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Browse Prior Art Database

Method for Managing Instant Message Overload

IP.com Disclosure Number: IPCOM000032966D
Original Publication Date: 2004-Nov-19
Included in the Prior Art Database: 2004-Nov-19
Document File: 2 page(s) / 42K

Publishing Venue



Instant Messaging (IM) is quickly becoming an integral part of the work environment. Enabling quick and easy communication, IM enables individuals open access to numerous people, allowing for near-immediate human interaction across a network at a whim. In some work environments, IM is used so frequently that slang is developed around the technology, and people talk about being "pinged," or more increasingly often, being constantly pinged. Users who experience "constant pinging" can experience a windows management nightmare. Small chat windows may constantly take over window focus, popping up in front of other applications, occupying space on the OS taskbar, and otherwise distracting the user to the point of annoyance. When overloaded with concurrent chat sessions, the user has no choice for relief other than to change their status (away or do not disturb), effectively cutting off communication. This disclosure provides a way for users to manage IM overload without disrupting the IM communication channel. When individuals are overloaded by IM sessions, they do not necessarily want to cut off the existing or future IM communications. They simply want to manage the amount of open communication channels, keeping open lines to a realistic maximum. This disclosure provides a method by which users of instant messaging could intelligently and automatically manage overload, from both the sending and receiving side. If IM users could set "thresholds" for the amount of open communication channels, then users of IM could better avoid overload. In addition to describing a how a user might set a threshold, this disclosure also proposes various preferences to dictate behavior when a threshold is reached or exceeded.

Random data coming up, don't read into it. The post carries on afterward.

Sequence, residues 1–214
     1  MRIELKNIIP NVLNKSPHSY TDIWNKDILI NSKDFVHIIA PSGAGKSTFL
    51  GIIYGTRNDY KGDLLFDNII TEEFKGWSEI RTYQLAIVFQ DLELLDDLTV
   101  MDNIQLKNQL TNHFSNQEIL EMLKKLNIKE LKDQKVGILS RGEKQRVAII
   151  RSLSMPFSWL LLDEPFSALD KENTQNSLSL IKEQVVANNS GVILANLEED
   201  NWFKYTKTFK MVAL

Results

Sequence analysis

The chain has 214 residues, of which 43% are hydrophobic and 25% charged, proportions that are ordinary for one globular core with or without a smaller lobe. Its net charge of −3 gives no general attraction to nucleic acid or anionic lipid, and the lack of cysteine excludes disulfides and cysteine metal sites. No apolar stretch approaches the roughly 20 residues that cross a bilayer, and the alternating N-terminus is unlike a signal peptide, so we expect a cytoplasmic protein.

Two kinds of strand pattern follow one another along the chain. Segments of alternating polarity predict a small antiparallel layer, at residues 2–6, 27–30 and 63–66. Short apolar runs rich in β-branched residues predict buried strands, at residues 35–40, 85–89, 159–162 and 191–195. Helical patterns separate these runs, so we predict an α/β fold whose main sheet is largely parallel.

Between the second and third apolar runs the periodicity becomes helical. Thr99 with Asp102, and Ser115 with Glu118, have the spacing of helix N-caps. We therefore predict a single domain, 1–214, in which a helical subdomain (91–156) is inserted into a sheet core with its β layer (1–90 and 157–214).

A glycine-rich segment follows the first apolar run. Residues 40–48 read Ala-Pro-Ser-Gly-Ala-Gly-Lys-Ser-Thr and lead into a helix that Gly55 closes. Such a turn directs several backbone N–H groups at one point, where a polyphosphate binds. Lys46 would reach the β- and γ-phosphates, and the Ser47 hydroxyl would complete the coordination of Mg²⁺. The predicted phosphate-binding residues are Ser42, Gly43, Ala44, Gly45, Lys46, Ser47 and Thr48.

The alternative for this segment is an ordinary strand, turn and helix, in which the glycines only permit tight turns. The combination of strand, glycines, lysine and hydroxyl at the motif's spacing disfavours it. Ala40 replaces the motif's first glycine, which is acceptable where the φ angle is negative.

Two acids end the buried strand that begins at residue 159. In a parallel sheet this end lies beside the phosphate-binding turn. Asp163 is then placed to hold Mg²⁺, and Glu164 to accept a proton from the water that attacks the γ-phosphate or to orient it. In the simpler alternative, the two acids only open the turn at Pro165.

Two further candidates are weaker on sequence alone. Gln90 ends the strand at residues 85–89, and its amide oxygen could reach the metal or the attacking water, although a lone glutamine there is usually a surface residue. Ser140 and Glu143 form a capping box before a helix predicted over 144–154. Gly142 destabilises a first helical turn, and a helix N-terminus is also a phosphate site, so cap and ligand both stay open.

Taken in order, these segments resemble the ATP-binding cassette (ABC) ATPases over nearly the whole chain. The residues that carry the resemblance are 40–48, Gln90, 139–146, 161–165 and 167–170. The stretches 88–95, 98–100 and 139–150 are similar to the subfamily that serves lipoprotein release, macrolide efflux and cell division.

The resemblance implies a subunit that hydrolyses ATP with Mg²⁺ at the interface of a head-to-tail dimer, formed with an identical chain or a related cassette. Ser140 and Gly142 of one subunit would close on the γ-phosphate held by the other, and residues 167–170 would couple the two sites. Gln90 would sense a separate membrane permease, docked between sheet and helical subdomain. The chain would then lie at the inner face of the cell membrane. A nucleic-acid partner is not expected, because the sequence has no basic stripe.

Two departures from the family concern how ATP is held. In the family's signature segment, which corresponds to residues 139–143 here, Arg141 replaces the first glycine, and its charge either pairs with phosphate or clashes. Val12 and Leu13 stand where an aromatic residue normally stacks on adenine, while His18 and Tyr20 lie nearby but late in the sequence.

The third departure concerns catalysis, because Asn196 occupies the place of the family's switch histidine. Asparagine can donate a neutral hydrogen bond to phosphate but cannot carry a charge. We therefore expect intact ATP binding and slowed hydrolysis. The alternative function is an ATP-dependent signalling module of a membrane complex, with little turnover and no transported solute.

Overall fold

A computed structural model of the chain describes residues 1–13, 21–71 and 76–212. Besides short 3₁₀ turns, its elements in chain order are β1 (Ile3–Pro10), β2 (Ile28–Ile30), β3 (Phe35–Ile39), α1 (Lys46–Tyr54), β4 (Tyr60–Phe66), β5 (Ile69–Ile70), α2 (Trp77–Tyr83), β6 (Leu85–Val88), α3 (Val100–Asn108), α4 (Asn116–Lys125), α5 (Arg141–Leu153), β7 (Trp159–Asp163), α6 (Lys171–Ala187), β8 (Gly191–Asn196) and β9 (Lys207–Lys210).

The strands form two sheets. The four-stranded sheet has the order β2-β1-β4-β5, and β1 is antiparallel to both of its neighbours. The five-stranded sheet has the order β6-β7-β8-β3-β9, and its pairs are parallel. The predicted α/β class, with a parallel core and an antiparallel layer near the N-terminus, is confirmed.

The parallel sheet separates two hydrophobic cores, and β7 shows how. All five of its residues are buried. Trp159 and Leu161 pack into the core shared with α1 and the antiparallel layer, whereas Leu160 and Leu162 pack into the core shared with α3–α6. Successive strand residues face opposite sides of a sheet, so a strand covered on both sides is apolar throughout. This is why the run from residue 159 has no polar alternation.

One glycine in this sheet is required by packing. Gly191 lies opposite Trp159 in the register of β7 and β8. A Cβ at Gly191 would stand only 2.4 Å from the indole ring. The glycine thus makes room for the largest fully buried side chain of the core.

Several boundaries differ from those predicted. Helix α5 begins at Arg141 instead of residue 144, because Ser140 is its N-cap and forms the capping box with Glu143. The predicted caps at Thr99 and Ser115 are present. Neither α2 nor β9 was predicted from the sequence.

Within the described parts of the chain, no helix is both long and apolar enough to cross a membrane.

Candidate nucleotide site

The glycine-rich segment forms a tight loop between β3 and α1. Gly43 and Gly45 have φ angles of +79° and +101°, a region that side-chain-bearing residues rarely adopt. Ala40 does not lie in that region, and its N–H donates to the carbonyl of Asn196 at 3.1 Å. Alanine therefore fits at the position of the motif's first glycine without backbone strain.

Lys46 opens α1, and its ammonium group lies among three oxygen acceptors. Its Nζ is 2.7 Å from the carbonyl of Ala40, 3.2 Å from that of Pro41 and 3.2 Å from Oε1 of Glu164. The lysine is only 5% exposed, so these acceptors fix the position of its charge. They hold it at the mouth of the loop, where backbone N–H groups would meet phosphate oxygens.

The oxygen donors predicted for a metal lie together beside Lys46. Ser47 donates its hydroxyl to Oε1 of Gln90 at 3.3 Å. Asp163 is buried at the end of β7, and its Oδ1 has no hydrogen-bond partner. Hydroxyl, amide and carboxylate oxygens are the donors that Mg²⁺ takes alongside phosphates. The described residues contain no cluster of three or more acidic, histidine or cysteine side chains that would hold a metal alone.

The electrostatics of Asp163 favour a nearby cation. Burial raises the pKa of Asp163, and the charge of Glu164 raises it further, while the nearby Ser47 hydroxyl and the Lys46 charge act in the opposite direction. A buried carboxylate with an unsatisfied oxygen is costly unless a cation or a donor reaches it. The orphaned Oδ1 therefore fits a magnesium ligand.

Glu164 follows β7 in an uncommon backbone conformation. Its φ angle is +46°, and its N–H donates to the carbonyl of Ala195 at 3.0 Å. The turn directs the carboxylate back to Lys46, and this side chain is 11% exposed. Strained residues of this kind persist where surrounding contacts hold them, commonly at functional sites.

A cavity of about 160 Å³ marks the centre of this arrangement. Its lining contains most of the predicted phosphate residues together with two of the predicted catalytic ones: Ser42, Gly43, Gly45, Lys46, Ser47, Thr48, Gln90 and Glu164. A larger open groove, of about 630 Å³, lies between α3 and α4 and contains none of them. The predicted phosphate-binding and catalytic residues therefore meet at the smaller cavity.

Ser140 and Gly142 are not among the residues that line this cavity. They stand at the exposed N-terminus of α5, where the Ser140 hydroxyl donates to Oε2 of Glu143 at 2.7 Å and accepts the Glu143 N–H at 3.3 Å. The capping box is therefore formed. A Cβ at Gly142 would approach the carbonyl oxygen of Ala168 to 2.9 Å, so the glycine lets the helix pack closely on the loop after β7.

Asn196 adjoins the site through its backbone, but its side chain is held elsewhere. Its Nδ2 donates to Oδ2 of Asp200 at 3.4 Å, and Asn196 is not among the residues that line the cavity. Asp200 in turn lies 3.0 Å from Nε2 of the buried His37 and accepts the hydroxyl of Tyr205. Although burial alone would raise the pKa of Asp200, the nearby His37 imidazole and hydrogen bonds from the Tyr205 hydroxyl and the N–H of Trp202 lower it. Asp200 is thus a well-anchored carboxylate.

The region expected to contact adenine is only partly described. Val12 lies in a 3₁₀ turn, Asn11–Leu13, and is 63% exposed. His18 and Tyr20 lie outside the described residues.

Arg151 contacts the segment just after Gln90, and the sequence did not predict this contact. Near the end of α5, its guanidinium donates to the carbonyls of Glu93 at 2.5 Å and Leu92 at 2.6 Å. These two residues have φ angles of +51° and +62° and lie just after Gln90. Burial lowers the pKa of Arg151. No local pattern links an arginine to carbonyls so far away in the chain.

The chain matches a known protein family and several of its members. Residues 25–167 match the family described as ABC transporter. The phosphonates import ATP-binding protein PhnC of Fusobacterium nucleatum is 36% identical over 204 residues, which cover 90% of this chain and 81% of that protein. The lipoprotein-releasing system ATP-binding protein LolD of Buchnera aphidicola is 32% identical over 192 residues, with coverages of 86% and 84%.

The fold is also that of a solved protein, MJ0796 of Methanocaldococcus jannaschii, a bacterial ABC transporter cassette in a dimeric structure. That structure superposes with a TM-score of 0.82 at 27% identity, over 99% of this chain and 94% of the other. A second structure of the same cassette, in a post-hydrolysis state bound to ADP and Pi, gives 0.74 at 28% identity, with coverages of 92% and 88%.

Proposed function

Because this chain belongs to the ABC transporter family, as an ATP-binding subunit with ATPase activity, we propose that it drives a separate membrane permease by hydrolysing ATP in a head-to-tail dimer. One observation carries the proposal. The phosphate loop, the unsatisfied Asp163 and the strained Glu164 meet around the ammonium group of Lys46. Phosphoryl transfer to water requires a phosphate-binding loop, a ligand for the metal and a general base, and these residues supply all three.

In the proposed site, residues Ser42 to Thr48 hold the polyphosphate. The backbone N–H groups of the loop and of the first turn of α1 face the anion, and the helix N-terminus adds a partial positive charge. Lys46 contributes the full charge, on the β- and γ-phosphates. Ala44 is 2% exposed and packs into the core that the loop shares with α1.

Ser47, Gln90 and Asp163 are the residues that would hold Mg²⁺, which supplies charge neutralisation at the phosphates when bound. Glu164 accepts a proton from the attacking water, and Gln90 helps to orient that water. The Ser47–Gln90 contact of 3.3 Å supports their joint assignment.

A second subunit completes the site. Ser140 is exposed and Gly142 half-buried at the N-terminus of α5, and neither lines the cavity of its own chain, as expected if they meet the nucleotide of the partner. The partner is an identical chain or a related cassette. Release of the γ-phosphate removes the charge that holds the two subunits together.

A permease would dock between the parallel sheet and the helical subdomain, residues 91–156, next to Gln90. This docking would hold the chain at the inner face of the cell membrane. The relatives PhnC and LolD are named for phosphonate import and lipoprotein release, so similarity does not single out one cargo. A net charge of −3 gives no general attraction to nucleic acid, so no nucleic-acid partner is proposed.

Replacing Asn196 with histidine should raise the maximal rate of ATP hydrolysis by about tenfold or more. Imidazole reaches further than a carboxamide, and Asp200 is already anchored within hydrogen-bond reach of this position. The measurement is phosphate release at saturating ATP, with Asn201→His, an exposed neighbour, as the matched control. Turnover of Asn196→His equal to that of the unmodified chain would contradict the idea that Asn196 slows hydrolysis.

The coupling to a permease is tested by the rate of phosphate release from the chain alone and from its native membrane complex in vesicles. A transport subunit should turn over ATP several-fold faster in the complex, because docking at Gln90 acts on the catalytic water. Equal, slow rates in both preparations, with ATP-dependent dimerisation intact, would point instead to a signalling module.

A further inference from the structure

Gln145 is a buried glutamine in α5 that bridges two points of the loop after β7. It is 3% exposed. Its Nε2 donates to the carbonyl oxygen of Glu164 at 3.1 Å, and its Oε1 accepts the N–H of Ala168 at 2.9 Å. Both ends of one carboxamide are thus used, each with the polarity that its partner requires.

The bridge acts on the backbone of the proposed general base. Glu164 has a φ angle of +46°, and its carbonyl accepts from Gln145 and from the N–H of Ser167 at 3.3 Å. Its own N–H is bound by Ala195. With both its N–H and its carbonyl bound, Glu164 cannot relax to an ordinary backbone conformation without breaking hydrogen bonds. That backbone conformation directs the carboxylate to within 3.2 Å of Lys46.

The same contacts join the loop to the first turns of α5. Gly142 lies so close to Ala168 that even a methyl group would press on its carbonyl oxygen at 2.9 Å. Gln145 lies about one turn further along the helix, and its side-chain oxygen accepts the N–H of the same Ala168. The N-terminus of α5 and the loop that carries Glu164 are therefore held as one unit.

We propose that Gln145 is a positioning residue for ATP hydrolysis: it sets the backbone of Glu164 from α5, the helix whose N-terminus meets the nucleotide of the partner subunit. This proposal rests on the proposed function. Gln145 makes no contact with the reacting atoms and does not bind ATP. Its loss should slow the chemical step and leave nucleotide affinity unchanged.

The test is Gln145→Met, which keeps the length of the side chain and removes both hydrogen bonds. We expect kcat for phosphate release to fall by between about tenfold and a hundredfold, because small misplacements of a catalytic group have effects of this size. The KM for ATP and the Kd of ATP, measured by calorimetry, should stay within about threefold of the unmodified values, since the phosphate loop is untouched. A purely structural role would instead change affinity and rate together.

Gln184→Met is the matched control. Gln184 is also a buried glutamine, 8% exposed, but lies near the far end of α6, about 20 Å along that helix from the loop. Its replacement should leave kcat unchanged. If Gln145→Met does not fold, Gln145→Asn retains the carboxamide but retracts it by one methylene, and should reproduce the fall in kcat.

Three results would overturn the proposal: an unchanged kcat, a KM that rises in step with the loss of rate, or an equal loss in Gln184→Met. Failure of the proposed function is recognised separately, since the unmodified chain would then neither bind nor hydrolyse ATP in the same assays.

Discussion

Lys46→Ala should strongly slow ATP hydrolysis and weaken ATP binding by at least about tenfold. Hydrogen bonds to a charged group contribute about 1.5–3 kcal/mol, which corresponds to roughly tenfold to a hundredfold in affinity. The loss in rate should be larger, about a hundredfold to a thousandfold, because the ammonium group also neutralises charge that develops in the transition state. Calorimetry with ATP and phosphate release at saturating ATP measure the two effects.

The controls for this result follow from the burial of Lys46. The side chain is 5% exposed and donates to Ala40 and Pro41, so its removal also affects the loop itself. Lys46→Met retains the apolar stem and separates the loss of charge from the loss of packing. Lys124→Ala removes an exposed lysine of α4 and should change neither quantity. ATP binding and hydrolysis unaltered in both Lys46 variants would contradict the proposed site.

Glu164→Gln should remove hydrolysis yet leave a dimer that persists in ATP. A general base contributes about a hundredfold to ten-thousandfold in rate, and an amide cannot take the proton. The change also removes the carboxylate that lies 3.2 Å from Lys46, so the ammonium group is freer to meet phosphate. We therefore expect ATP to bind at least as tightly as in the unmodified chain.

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Method for Managing Instant Message Overload

The user interface of this invention could be implemented through the preferences of the IM client. Refer to Figure 1 for a preferred embodiment.

Figure 1. Preferred user interface embodiment for managing instant message overload.

In Figure 1, the user has several options to manage his/her chat overload:

To set a maximum number of open communication channels (IM windows)

If a maximum is set, to automatically respond with a canned, but editable message, or to automatically change IM status to shut down the channel completely ("Do not disturb") or appear to be away from the computer ("I am Away") and to specify those IM chat partners to whom the maximum window limit does not apply

Once a user's maximum number of instant messages threshold is reached, subsequent incoming chat invitations become part of the "Waiting Chats" queue, which would appear in the user's buddy list, or as part of a separate "Waiting Chat" window. Chat initiators are shown in the Waiting Chats queue with a timestamp next to their name to indicate when they initated the chat. Users are shown in the order of earliest to most recent chat initiation.

Figure 2. Preferred user interface embodiment for displaying "Waiting Chats" queue.


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In Figure 2, the 9:31 AM chat with Chris will begin (automatically pop into view in the normal manner) once the user has less than 5 chat windows open. Th...